[That's called comp time. Did that strain the skills of the Toys'R'Us management?
The reporter throws in another is-this-really-supposed-to-be-a-complaint - this one from a presumably French company -]
The 75 employees of Studelac, a market research firm in Toulouse, take cigarette or coffee breaks only on their time "off" for 15 minutes twice a day....
[And this is a hardship or what? This reporter has led seemingly led a very limited and sheltered work life. There are many many American companies that follow this practice, for example, some big insurance companies.]
"The 35-hour law forced all French businesses to re-think and re-negotiate the way they use labor," said Jean-Marie Pean, managing director of Bain in France.
[In other words, instead of the bogus "efficiency" of American CEOs acquiring and firing, French CEOs really had to learn efficient management skills as in scheduling and time management.]
"Some companies were able to rip up outdated work agreements....
[Oops, sounds like praise. Quick, dilute it with a complaint!]
...Others were already running efficiently and found the law to be an added cost. In most cases a supportable cost, but a cost nonetheless.
[Well, maybe they'd like to continue paying high unemployment insurance premiums, which are now being cut, or perhaps they'd like to continue experiencing dwindling markets as more and more employees get marginalized and disemployed by rising technological efficiency and immigration?]
Ducassse [the "famed chef" at the beginning] took the simplest step available to compensate for serving three fewer meals a week: he raised his prices 10%.
[Nothing wrong with that - whatever the market will bear.]
Not everyone has the pricing power of a famous chef. And with competition rising and the European economy poised to slow down, higher costs due to the shorter week may become harder to swallow....
[Not if, as seems likely from the story below on 3/07: "Analysis - German gloom clouding euro-zone growth," the shorter workweek solidifies domestic demand in France and effectively immunizes the French economy from any general slowdown in the European economy.]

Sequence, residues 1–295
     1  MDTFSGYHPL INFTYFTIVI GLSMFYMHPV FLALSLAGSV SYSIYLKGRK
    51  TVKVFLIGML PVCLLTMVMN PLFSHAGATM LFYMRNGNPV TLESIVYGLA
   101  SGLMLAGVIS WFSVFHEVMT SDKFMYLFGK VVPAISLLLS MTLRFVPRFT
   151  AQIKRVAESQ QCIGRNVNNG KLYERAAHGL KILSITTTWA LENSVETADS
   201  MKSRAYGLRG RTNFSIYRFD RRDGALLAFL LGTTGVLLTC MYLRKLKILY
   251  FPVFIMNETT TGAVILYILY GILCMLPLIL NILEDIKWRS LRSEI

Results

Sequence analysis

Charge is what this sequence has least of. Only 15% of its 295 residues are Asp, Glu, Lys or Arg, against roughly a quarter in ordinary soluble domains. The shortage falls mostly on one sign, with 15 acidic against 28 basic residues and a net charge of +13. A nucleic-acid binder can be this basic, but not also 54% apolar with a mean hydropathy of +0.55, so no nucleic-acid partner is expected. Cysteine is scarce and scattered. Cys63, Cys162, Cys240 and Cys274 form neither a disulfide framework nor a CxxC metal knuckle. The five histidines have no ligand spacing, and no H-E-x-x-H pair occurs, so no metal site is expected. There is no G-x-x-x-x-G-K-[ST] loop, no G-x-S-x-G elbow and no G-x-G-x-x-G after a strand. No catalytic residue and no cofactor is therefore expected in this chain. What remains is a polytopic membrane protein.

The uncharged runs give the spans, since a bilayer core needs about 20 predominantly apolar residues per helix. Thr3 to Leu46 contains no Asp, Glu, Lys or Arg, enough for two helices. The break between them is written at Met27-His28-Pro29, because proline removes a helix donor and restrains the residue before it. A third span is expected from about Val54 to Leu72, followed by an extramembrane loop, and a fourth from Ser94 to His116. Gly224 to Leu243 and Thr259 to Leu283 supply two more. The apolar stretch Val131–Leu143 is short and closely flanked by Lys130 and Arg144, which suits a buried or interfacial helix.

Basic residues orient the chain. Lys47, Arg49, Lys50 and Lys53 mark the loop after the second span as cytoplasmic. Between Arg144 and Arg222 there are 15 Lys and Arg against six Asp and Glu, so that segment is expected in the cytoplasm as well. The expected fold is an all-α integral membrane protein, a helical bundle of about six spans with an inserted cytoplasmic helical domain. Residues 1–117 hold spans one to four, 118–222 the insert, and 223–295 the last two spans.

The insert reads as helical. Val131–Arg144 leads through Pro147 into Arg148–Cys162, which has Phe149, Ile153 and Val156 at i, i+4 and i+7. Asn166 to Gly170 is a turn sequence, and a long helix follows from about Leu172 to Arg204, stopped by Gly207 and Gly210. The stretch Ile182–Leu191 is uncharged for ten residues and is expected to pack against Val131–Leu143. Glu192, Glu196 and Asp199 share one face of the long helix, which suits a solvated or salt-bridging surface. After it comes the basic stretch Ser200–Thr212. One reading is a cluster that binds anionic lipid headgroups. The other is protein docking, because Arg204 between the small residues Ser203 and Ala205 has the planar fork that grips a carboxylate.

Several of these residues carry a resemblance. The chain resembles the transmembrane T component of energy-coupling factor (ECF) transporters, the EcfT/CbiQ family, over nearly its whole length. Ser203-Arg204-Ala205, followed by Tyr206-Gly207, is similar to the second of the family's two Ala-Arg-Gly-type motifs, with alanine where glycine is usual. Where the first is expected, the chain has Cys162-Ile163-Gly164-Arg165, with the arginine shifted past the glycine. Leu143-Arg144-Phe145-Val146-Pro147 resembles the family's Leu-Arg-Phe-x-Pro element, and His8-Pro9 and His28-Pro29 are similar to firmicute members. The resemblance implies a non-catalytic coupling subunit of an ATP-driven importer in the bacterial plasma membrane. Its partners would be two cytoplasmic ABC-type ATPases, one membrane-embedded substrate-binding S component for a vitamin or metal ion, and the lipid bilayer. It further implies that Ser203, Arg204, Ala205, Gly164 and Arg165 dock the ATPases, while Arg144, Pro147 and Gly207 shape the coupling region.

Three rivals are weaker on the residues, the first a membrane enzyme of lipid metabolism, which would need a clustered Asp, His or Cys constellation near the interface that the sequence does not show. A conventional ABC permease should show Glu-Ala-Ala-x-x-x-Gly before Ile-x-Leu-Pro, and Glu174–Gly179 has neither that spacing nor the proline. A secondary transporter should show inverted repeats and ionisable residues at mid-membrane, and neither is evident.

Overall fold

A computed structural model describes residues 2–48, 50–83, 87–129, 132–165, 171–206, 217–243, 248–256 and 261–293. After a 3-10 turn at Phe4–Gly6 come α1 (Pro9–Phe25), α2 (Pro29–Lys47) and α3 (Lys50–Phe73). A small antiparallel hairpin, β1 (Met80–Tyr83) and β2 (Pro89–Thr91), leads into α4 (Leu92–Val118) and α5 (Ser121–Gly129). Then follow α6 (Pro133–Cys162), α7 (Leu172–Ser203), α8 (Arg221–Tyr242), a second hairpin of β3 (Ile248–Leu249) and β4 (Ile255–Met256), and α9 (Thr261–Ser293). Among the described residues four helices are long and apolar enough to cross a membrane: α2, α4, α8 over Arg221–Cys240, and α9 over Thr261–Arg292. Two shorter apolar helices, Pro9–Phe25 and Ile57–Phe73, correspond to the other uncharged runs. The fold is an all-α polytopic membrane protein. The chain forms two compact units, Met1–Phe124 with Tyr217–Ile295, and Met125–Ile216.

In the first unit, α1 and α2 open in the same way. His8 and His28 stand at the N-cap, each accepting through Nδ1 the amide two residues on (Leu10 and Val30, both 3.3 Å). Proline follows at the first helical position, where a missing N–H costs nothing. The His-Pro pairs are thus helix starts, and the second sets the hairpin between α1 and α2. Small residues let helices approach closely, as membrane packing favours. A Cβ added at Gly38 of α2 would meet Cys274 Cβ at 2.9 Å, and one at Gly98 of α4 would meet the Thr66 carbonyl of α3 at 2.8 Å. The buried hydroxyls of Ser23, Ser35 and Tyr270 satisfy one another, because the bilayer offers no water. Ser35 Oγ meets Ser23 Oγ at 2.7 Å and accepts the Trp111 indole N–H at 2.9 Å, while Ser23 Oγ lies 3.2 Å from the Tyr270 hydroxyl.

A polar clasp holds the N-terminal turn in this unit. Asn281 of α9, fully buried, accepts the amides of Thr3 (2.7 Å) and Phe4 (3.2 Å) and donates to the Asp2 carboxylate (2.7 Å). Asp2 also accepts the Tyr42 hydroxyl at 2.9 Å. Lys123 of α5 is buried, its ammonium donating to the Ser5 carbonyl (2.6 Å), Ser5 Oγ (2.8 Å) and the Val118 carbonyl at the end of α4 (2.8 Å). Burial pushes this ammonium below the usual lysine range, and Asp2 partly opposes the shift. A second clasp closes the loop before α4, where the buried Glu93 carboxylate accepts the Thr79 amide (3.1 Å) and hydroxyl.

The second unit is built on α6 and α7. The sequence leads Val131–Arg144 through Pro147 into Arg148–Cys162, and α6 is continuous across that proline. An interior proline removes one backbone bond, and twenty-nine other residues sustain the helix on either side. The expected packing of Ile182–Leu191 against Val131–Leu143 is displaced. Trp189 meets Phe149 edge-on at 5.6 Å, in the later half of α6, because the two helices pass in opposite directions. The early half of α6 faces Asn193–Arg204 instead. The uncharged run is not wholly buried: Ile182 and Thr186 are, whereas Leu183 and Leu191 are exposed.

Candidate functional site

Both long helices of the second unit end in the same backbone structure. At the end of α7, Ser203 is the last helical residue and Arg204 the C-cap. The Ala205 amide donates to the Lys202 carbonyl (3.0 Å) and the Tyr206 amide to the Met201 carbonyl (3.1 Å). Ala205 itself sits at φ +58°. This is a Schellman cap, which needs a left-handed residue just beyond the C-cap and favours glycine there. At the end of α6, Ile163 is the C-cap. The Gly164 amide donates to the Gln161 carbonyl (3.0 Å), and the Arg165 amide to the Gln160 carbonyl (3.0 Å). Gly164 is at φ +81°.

More cost, less revenue.
[Ah, "less revenue" when France is experiencing "the fastest growth in 30 years"??? What's distorted about this picture? This article is doing backbends to try and blacken the shorter workweek, and it's not working.]
..\..Vallinox Nucleaire [which] makes nickel alloy tubes used in nuclear power plants...agreed with its unions to keep a 40-hour workweek. Instead, workers get an extra 17 days off a year. Even with a one-year salary freeze..\..executive VP Grady Harrison...says his cost per hour of labor has risen about 8% because of the additional time off.
[This is actually one of the positive effects of a shorter workweek - it centrifuges income out of unspendably inflated top-executive salaries and into wages that people go out and spend - and that, children, is where France's "fastest economic growth in 30 years" comes from. But now look at the example this guy gives of the bad effects of these higher labor costs. Does it have anything to do with higher labor costs?]
He says he recently lost a U.S. order to a Swedish competitor partly because the new work rules lengthened the amount of time it would have taken to fill an order.
[No it doesn't. This is a scheduling complaint, not a cost complaint. And scheduling and hiring - temps for instance - is a basic management skill which apparently this VP and his colleagues in the Vallinox executive suite have lost, spoiled as they have been for years and years by a gross labor surplus in France (and around the world). And if France gets real smart and goes the extra mile to implement the constant overtime-targeted training feature of Timesizing, this type of problem will evaporate, even for executives with rusty management skills like Grady Harrison and his buds. Same goes for the next "problem" reported by Studelec -]
Studelec, the Toulouse market research firm with limited coffee breaks...
[Hey maybe that's the problem for American CEOs - they're yapping about "efficiency" and "working hard" but they're employees, though putting in 70-80 hours a week "face time" are taking unlimited coffee breaks and infinite lunches, not to mention time spent surfing the Web and playing MS Windows solitaire.]
charges clients such as Motorola Inc. and European Defense & Space Co. by the hour. Because of the new legal limit on how long its experts can work, the company will bill about 2m francs ($285,000) less this year than last, when it had 25m francs of revenue, said chief executive Daniel Bruni.
[Ah, what we're not mentioning here is - if this company is completing contracts in the same amount of weeks as other market research firms but for less money, this company is going to get a LOT more business. It's people are going to be better rested and more creative and focused and prioritized for the market research tasks, and Studelec, if it can ever stop complaining, stands poised to take over a much bigger share of the market research market. However, it's still complaining, or at least its CEO is -]
"Worse than the money is the sort of atmosphere it creates when people are told when they can or can't go out for a coffee," says Bruni.
[And what kind of atmosphere would that be, M. Bruni - focused, disciplined, coordinated, efficient? Most people we know would rather work hard for a clearly defined seven hours a day than futz around for eight or maybe nine or gosh, "let's just hang around indefinitely making like we're doing important stuff." And if you don't need people to work together, M. Bruni, what's the problem with turning them into professional consultants who operate on billable time and set their own hours, coffee breaks and all? Speaking of coffee breaks, we need one tho' there's still 2 valuable pages of this article left.]